In Component._connect(), we call Component.try_connect() with a dictionary of all data to push as argument push_data.

More complex - info from input to output#

In this example, we want to get a grid specification from an input. This grid specification should then be used for the metadata of the output, and the initial data should be generated from it.

import finam as fm

class ComplexConnect(fm.TimeComponent):

    def __init__(self, time, step):
        self.time = time
        self.step = step

    def next_time(self):
        return self.time + self.step

    def _initialize(self):
        self.inputs.add(name="A", time=self.time, grid=None, units="m")
        self.inputs.add(name="B", time=self.time, grid=fm.NoGrid(), units="m")


    def _connect(self, start_time):
        push_infos = {}
        push_data = {}

        pushed = self.connector.data_pushed["Area"]
        info = self.connector.in_infos["A"]
        if not pushed and info is not None:
            push_infos["Area"] = info
            push_data["Area"] = _generate_data(info)


    def _validate(self):

    # etc...

In Component._initialize(), we set the grid of input "A" to None. It will be filled from the connected output, and becomes available in connector.in_infos after successful exchange.

For output Area, we give no metadata at all, which means that we delay specifying it until we have the grid specification for input "A".

In Component._connect(), we check if the data was already pushed. If not, and if the input info is available, we add the output info to be pushed to push_infos, and the generated data to push_data (only for a single output here). Then, Component.try_connect() is called with this info and data.

It could happen that Component.try_connect() is called with info and data multiple times, in case only the info can be pushed in a first step, but not the data. This will not cause any problems. Developers should, however, be aware of this behaviour. For efficiency, it might be useful to cache the generated output data to avoid re-generating the data multiple times.

Metadata from source or target#

In the above example, we have already seen the use of a grid specification retrieved from a connected upstream component. The process works in both directions.

Any metadata field that is initialized with None will be filled with the value from the other end of the connection. This can happen in the initialization of inputs and outputs:

self.inputs.add(name="A", time=None, grid=None, units=None)
self.outputs.add(name="Area", time=None, grid=NoGrid(), units=None)

Here, time, grid and units of the input would be filled from a connected output. For the output, time and units would be filled from a connected input.

The same mechanism can also be applied in Component._connect():

info = Info(time=None, grid=None, units="m")
self.try_connect(exchange_infos={"A": info})

Summary metadata initialization#

To summarize the use of metadata in the initialization of inputs and outputs:

  • Set metadata attributes (like grid or units) to None to get them filled from the other end of the connection. This will, of course, only work if the respective attributes are given at the other end.

  • Set no metadata at all (or use info=None) to delay providing it, and do so in Component.try_connect().

Missing data in adapters#

For the iterative initialization, adapters must be able to handle the case of being pulled without data available.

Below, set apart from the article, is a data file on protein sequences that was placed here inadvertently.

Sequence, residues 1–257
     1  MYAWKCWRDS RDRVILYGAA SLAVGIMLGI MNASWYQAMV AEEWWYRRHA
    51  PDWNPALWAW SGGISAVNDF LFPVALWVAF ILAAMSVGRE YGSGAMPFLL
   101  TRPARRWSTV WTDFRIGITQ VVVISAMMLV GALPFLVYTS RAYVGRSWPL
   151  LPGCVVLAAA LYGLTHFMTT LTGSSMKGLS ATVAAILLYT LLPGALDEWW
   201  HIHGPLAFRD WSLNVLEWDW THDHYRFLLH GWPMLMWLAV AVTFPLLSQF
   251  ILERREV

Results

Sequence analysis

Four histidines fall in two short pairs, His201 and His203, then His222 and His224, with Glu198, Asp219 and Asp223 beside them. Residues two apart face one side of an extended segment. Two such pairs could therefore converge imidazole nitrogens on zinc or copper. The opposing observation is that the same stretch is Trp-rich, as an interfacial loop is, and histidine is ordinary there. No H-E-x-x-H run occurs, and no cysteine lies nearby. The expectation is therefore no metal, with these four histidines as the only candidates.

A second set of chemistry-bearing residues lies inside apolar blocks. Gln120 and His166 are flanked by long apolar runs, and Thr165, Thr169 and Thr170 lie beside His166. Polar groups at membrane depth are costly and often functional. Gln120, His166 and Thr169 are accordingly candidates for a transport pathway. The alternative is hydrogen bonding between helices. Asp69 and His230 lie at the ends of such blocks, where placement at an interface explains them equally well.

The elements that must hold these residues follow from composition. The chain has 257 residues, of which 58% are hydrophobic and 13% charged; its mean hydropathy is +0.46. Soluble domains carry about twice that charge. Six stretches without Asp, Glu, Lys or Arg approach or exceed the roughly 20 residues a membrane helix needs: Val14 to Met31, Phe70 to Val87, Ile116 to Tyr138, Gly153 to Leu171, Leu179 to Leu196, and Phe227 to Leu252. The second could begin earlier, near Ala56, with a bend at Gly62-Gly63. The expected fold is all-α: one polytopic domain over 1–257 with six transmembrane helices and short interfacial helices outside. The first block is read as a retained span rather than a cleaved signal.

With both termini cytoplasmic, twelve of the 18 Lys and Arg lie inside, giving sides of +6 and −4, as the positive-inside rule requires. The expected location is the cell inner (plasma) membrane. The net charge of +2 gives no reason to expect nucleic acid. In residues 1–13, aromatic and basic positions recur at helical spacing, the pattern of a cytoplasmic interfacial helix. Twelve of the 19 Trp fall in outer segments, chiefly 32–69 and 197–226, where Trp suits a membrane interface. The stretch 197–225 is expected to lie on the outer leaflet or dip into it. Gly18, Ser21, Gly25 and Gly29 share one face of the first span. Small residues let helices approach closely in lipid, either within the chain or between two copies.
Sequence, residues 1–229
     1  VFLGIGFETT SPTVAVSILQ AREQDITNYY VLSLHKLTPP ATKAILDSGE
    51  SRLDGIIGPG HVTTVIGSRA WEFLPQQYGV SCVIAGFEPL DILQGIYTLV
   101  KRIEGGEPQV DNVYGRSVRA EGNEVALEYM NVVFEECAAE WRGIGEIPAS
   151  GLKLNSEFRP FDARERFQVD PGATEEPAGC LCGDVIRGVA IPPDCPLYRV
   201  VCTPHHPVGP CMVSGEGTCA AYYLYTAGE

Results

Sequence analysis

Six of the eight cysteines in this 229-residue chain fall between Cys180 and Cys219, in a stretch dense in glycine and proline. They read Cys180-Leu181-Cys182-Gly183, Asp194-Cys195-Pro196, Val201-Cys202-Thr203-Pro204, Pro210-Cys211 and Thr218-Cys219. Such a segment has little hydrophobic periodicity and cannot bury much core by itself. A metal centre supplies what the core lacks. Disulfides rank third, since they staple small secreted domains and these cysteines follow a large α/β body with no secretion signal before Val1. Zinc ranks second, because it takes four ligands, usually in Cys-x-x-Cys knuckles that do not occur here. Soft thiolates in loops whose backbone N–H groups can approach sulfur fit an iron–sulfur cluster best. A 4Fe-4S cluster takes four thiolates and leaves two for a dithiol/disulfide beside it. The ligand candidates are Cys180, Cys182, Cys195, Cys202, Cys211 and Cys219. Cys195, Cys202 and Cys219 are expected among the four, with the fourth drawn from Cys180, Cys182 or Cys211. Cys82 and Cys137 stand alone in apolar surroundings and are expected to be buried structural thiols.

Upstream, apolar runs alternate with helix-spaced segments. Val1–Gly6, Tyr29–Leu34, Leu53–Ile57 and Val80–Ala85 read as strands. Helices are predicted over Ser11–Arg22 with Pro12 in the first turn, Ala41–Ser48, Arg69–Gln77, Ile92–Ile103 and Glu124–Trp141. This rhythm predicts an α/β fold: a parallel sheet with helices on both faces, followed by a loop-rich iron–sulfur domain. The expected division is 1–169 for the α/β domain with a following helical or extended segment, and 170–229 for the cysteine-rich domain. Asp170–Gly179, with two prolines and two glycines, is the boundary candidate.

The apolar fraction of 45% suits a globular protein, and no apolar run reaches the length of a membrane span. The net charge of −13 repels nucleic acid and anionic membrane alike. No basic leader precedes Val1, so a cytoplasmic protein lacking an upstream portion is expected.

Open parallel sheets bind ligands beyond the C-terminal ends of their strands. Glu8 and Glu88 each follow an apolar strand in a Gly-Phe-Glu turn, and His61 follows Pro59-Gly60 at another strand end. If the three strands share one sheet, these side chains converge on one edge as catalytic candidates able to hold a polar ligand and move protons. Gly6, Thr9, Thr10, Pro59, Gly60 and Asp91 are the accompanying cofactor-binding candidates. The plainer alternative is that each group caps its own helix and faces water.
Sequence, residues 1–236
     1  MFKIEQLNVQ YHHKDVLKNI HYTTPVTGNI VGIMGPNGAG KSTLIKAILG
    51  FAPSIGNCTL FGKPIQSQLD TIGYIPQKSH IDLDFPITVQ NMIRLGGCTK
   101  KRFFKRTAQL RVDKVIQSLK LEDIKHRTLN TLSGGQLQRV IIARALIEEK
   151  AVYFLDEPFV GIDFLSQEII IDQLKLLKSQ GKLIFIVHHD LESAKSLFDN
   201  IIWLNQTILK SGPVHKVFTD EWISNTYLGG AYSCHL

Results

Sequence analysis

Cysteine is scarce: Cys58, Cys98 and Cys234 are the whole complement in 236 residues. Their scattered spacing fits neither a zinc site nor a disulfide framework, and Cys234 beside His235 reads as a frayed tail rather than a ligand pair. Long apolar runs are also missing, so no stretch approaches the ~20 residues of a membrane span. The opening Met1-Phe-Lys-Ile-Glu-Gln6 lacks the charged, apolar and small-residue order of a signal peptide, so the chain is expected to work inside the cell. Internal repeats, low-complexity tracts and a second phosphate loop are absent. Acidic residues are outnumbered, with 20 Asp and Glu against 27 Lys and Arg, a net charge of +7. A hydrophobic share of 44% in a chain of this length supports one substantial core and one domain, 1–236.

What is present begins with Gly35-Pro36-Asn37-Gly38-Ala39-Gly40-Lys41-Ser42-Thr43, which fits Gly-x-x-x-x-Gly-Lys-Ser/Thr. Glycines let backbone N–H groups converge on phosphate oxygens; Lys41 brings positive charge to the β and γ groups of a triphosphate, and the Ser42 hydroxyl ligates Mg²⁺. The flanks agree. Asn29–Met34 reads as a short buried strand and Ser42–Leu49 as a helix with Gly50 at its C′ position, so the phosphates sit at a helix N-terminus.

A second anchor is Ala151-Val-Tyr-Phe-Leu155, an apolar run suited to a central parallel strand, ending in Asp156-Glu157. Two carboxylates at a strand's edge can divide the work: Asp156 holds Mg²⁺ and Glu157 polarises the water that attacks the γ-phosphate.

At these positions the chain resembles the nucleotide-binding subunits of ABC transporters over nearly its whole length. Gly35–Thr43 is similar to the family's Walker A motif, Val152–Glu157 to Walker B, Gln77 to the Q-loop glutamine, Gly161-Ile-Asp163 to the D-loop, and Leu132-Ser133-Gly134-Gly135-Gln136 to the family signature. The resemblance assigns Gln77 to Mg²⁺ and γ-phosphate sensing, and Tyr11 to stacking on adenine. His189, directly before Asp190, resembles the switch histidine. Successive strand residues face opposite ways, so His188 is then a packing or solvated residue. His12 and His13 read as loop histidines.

For simple adapters that only overwrite Adapter._get_data(), developers can rely on the error raised when pulling the adapter’s input:

class Scale(Adapter):
    def __init__(self, scale):
        self.scale = scale

    def _get_data(self, time):
        # Pull without data available raises FinamNoDataError
        # Simply let it propagate through the adapter chain
        d = self.pull_data(time)
        return d * self.scale

Adapters that use push and pull (e.g. for temporal interpolation) must check in Adapter._get_data() if data is available, and raise a FinamNoDataError otherwise:

class PushPullAdapter(Adapter):
    def _source_updated(self, time):
        # Get data here when notified about an upstream update

    def _get_data(self, time):

        if is None:
            raise FinamNoDataError(f"No data available in {}")


Intercepting metadata in adapters#

Usually, adapters simply forward metadata during connecting. Some adapters, however, change the metadata through their transformation, e.g. the grid specification in a regridding adapter.

Handling and altering incoming and outgoing metadata can be done by overwriting an adapter’s Adapter._get_info() method. The method is called by an upstream input with the requested metadata, and should return the metadata that will actually be delivered.

The default implementation looks like this:

def _get_info(self, info):
    in_info = self.exchange_info(info)
    return in_info

The info argument is the metadata Info requested from downstream. Adapter.exchange_info() is called to propagate the metadata further upstream. It returns the metadata received from upstream, and it is simply returned by Adapter._get_info().

For a unit conversion adapter, the method could look like this:

def _get_info(self, info):
    in_info = self.exchange_info(info)

    self.out_units = info.units
    out_info = in_info.copy_with(units=self.out_units)

    return out_info

A unit conversion adapter is actually not required, as units are handled by inputs internally.

The adapter gets it’s own target units from the info coming from downstream, i.e. from the request. It overwrites the units in the info received from upstream by in_info.copy_with(), and passes the result downstream by returning it.

Note that the method can be called multiple times, as an output or adapter can be connected to multiple inputs. The adapter is responsible for checking that the metadata of all connected inputs is compatible.